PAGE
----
Borderrhetorics Wiki



Plaza del Mercado de Rio Piedras

By: Ana Villarreal

Curanderismo refers to the Spanish word curar, which means "to heal." This term "is used to describe the practice of traditional healing in Latin American (Hispanic) cultures" (Tafur, Crowe, and Torres 82). Curanderismo is derived from Greek humoral medicine, early Judeo-Christian healing traditions, Europe in the Middle Ages, Moorish influences from the conquest of Southern Europe, and Native American traditions (Trotter 130). The curandero/a believes that he/she is born with a talent to heal people, which is referred to as el don (a gift) from a higher power. Spirituality and maintaining balance with nature is the basis of curanderismo. Every curandero/a, or healer, may have a specialty of practice or a combination of all. To name a few, there are Yerbero/as (herbalists) with a concentration on botanical remedies, Parteras (midwives), Espiritualisto/as (psychic mediums), and Senor/as (tarot card readers). Many healers do not charge a fee for their services; they may accept offerings instead. Curanderismo involves three main healing practices: material approaches to healing, spiritual healing and spiritualism, and psychic healing. Some common traditional illnesses of curanderismo are empacho (digestive blockage), susto (soul loss), and mal de ojo (evil eye). The botanica (herbal market) is another essential component to


Botanica Los Sueños

curanderismo. After a curandero/a diagnoses the patient, he/she prescribes a remedy for the illness. The patient may need a medicinal herb, specific rock/stone, candles, religious amulets, and/or oils. The items he/she may need depends on his/her illness, so it varies for each patient. When the patient becomes aware of the necessary items, he/she may visit the botanica to purchase the items. In one article, I learned that the botanica served as a culturally appropriate health care resource for Latinos.


Botanica La Nueva Milagrosa - Union City, NJ

I believe curanderismo is very important. There are many people living near the border that put their faith in the healing practices of curanderismo. For example, studies conducted in West Texas have found that more than 75% of Mexican Americans use complementary or alternative therapies to treat their illnesses (Tafur, Crowe, and Torres 83). Also, in some of the scholarly articles that I found, I discovered that Latinos do not feel confident to discuss complementary and alternative medicine with their primary care physicians. 69% of Mexican Americans do not report the use of herbal remedies to their physicians (83). There were three main themes that I found for this lack of communication between patients and their primary care physicians: acceptance/nonjudgment, initiation of communication, and safety/efficacy concerns (Shelley et al. 145). Therefore, Mexican Americans and Latinos are not likely to openly share their experiences on visiting a curandero/a with their physicians. In most cases, they do not even attempt to initiate a discussion on curanderismo because they are scared that the physician will respond in a negative way. So, I believe it is crucial for physicians to become informed and aware of these Latino beliefs in order to better understand the patient and make him/her feel at ease.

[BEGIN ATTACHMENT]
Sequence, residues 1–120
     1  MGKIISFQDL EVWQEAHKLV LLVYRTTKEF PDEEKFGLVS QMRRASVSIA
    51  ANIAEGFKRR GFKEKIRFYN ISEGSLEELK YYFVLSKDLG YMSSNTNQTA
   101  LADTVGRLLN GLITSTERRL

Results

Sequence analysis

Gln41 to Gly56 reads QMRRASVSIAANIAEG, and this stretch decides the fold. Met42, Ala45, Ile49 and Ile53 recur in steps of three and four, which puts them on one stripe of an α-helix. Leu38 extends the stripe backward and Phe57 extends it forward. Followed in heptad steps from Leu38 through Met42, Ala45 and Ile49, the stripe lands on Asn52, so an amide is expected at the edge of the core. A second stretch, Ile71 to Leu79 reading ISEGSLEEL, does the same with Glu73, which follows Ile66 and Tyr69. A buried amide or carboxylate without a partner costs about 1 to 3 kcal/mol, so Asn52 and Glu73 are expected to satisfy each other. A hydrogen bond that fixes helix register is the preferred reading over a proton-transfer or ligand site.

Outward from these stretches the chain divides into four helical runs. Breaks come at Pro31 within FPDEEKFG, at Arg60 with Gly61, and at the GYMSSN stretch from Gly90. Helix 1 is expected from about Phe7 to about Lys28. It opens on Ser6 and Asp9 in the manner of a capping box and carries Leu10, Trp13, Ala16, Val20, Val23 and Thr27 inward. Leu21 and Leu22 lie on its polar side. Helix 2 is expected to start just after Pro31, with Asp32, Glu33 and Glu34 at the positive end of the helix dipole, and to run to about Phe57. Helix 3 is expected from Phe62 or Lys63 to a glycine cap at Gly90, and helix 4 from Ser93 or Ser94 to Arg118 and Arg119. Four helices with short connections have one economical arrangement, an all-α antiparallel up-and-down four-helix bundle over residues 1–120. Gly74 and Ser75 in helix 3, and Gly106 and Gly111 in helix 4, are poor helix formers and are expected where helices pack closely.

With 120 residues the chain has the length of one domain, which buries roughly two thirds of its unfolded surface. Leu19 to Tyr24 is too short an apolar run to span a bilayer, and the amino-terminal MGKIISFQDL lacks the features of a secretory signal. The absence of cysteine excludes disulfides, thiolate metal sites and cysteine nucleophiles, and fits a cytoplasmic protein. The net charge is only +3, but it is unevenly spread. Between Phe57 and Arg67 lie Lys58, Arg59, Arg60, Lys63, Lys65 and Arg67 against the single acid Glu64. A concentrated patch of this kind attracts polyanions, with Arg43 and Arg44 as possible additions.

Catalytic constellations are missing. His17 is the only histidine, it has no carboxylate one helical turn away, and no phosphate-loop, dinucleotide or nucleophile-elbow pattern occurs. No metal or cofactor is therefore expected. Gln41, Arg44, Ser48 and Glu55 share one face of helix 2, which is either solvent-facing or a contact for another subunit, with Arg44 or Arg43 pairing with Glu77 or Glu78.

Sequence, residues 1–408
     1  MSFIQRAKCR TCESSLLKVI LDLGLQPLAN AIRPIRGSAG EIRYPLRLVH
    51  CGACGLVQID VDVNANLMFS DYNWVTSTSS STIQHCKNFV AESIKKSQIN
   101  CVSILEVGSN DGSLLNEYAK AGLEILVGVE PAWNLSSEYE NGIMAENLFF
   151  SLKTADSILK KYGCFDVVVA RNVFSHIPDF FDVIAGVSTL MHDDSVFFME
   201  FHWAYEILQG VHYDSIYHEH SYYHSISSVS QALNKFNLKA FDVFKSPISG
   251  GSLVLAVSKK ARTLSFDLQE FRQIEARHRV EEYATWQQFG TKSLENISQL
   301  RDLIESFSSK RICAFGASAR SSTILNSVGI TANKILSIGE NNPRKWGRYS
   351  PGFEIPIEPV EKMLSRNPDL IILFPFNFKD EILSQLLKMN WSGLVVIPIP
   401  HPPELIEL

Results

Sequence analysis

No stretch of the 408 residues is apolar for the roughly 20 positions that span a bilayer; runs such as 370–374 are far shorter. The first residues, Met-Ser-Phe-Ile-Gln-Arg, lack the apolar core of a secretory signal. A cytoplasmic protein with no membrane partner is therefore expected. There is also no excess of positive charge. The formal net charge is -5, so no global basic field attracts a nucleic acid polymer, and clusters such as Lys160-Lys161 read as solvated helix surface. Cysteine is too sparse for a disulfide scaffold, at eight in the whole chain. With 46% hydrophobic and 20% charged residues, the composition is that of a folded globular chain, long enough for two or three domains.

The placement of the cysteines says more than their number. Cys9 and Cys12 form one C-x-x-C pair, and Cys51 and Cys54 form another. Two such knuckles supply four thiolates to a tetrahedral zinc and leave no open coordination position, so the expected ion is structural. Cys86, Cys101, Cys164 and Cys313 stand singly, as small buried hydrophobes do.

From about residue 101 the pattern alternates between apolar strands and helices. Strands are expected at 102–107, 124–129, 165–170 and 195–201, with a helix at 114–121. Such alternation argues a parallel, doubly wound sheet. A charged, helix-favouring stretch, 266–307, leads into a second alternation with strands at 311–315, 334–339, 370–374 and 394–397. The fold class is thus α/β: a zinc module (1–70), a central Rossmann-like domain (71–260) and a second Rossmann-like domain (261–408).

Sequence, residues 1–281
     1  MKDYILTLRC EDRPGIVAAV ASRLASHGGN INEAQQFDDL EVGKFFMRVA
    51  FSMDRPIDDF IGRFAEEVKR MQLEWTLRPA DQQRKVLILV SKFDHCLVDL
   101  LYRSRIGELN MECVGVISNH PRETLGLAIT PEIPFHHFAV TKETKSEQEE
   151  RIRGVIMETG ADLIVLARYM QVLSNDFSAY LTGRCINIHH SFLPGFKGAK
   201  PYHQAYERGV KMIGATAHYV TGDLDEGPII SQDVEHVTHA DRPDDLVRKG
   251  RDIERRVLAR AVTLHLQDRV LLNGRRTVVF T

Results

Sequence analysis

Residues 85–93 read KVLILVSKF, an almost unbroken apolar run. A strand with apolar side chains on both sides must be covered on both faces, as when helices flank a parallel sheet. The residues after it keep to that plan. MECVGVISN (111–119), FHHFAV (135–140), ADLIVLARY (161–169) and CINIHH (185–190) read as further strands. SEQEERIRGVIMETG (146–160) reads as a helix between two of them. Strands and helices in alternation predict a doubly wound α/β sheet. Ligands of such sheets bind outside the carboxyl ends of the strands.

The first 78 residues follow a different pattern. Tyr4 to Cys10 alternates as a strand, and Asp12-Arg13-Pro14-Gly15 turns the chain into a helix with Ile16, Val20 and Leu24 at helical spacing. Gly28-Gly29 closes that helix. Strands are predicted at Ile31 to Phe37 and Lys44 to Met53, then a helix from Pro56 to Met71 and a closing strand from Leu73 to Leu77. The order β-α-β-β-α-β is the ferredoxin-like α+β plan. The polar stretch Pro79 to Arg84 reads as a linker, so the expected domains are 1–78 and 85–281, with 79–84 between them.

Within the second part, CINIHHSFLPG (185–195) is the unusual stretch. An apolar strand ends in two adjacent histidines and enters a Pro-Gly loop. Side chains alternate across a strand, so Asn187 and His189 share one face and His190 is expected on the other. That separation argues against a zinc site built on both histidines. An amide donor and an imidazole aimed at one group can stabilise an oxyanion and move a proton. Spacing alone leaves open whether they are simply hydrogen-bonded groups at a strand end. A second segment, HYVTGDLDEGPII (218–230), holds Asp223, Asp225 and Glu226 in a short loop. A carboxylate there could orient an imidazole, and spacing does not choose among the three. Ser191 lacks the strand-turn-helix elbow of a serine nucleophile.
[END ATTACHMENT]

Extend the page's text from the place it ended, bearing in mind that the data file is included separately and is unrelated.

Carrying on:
El Nino Fidencio[]

Full Name: Jose Fidencio Sintora Constantino

Birthplace: Valle de las Cuevas near Iramuco, Guanajato, Mexico

Nov. 13-1898 - Oct. 19, 1938